I agree that there are some wonderful evocative comments here. But I would add this. In the Epulopiscium story, Elio has written previously about the issue of nucleoids needing to "service" a volume of cytoplasm (to follow the whole separation of powers metaphor). Large cytoplasmic volumes necessitate large numbers of nucleoids, because of the sheer viscosity of the nuclear material and---the ugly little secret in molecular biology---how the areas of regulatory "need" are selectively made available for Central Dogma machinery, while keeping other portions of the genome compact. This makes sense for "giant" microbes like Epulopiscium, hence the myriad nucleoids present (again, Elio presented that very effectively here at STC a while back).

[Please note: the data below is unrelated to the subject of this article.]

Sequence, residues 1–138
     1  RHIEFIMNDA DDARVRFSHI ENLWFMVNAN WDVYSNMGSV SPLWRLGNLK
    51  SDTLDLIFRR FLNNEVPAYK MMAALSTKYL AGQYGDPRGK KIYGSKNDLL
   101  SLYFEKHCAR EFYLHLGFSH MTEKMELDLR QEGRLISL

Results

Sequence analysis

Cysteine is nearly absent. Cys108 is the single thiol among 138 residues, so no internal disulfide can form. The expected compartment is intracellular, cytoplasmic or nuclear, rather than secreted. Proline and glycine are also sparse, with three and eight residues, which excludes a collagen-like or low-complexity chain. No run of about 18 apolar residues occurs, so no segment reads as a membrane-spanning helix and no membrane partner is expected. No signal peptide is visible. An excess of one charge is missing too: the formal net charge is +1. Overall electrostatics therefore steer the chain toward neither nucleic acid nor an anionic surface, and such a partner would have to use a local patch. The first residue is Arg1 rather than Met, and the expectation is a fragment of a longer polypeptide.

My feeling is that even in the simplest of organisms, this is a deep issue. And in eukaryotes, it is even more relevant.

So I agree that negative regulation is a critical level in prokaryotes, perhaps due to the immediacy of environmental impacts on the cell (but is that not also true in single celled eukaryotes?). But I am always amazed at the interlocking patterns of related regulons, even in bacteria under a colicentric microscope.

Still, I like to think that eukaryotes have the regulatory system they do because different cell types need to regulate genes in many different ways---not like a switch, but like a dial. But again---what about the single celled eukaryotes?

I fear I suffer from multicellularcentrism, ironically. A wonderful Talmudic Question, indeed.

Elio replies: I am reminded of a Gilbert and Sullivan quote: "Things are seldom what they seem,
Skim milk masquerades as cream; ..." I wonder who's doing the masquerading here and appreciate how you extended the argument. Nice comment.